An Historic Inaugural - Especially for Our Seniors

Our first African-American president will take the oath of office tomorrow in front of an audience that will include many seniors who can remember segragation and their grandparent's stories about slavery.

One of my dearest friends is African American and another is Chinese American and I cannot even imagine not having the opportunity to interact with other cultures or being segragated from someone of another race.  But today is also Martin Luther King day to remind us that it has taken much work to create opportunities for those from all backgrounds in this country.

It is also a reminder to us of the different viewpoints a senior may have because of the era that they lived in.  One of the biggest challenges for senior caregivers is to try to connect with the senior in a way that understands the senior's viewpoints and needs.  Sometimes it is very difficult for a younger caregiver to understand that a senior is not comfortable with their style of dress or jewelry or language - but when we take the time to think that we all go with what we know based on our environment and then think about the environment someone was in 50 years ago, we can better understand where they are coming from.  And then we can try to connect to them with sensitivity towards their thinking.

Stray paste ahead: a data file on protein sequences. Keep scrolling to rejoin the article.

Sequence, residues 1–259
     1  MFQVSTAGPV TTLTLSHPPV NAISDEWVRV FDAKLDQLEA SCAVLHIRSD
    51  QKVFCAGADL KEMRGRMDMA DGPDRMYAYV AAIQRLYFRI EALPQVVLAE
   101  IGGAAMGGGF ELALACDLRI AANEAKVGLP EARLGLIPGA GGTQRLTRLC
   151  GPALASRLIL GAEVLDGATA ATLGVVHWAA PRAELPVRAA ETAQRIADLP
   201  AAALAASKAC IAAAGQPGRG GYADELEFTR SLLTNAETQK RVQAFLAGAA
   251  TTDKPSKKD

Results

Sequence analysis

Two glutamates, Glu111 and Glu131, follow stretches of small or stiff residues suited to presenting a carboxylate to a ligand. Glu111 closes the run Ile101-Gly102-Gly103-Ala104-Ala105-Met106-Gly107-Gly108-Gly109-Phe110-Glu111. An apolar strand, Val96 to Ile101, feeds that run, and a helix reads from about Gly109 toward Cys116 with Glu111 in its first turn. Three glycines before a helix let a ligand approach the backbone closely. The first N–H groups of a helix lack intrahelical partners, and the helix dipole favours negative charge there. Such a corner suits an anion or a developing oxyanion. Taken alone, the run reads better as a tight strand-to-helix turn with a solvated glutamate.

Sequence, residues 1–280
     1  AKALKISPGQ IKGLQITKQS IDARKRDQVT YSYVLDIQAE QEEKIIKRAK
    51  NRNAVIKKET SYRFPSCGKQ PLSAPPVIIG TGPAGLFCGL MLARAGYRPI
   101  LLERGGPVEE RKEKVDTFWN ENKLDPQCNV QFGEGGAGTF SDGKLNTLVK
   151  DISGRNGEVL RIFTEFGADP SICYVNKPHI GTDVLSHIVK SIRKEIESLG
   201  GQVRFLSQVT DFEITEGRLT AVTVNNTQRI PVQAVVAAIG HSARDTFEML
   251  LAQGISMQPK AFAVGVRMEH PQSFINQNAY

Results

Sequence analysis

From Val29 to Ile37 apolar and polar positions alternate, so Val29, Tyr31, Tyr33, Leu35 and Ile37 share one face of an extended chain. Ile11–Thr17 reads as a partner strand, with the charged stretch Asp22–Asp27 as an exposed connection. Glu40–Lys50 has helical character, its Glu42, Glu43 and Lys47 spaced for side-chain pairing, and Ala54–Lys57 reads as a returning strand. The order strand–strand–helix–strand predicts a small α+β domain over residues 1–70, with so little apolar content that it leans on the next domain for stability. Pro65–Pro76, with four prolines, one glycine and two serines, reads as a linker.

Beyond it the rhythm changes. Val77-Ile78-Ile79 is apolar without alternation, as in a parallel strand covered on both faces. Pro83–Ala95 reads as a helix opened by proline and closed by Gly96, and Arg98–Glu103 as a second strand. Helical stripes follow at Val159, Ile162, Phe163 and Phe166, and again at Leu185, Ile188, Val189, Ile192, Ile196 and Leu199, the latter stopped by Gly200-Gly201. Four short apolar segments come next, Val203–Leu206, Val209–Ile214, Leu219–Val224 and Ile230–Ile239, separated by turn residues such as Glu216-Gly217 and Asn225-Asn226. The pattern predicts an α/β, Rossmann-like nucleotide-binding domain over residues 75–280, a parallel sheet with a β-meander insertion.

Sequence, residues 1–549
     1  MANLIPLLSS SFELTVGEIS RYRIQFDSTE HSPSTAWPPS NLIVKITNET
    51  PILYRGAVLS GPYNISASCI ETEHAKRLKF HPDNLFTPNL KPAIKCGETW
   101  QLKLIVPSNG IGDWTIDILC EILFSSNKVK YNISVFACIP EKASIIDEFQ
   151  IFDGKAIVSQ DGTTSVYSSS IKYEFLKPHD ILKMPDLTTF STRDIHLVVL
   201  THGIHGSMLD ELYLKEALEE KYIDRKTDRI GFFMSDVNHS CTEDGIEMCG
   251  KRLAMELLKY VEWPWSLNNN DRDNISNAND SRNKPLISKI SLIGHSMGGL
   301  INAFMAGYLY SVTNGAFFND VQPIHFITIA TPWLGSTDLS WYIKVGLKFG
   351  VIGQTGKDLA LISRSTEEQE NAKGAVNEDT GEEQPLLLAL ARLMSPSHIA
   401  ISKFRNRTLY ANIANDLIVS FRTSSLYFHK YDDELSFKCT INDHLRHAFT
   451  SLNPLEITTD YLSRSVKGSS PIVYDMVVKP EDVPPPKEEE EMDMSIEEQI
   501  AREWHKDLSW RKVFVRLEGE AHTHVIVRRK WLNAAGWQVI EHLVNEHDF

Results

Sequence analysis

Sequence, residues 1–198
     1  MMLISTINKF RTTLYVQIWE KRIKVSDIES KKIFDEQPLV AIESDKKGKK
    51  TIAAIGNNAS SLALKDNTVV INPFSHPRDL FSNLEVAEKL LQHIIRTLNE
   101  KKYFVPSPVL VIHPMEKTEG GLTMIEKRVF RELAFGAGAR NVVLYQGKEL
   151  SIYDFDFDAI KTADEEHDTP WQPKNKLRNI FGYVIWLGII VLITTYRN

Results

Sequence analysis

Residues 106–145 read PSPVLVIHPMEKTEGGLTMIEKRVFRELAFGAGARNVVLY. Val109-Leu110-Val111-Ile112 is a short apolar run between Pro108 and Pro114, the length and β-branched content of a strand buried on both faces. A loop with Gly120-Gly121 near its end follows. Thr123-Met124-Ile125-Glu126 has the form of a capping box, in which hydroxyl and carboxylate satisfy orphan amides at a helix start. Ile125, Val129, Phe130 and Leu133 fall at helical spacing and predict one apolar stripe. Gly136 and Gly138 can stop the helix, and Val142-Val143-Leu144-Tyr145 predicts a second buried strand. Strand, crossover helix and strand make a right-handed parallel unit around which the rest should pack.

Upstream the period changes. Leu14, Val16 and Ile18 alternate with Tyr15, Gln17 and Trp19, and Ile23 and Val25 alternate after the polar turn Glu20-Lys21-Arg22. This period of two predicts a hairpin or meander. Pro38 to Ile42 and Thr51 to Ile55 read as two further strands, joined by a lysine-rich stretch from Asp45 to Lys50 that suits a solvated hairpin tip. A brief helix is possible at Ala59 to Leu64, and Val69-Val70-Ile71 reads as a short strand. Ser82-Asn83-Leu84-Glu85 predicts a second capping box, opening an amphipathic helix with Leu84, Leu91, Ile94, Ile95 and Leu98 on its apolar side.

One of the greatest assets President-elect Barack Obama brings to the White House, according to those who know him well, is his ability to listen and connect with people from all walks of life and from all viewpoints.  This is definitely a skill we all need when dealing with someone much older or much younger than we are - I am sure in addition to his many other skills, President-elect Obama would also be a stellar caregiver!

 

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Comments (1) -

  • Renee

    1/21/2009 2:21:43 PM | Reply

    It never ceases to amaze me, when I read the Caregiver Stories on this site, how much value is placed in just sitting and listening to stories from these seniors. It is often considered the best part of the caregiving job.

    I try to teach my children to listen to these stories...to ask questions. This is living history that cannot be revised to fit someone's agenda. How much we can learn!

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